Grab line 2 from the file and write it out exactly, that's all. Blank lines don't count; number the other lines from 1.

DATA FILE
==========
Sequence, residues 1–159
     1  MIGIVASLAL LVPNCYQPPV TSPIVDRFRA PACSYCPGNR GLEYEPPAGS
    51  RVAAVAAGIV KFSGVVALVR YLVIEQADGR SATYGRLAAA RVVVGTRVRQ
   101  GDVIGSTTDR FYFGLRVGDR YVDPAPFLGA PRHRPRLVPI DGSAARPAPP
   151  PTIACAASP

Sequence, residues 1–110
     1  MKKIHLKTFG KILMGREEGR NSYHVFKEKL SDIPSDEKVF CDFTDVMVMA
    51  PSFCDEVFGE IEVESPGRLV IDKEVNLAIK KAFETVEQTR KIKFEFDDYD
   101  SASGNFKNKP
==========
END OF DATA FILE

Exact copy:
     1  MIGIVASLAL LVPNCYQPPV TSPIVDRFRA PACSYCPGNR GLEYEPPAGS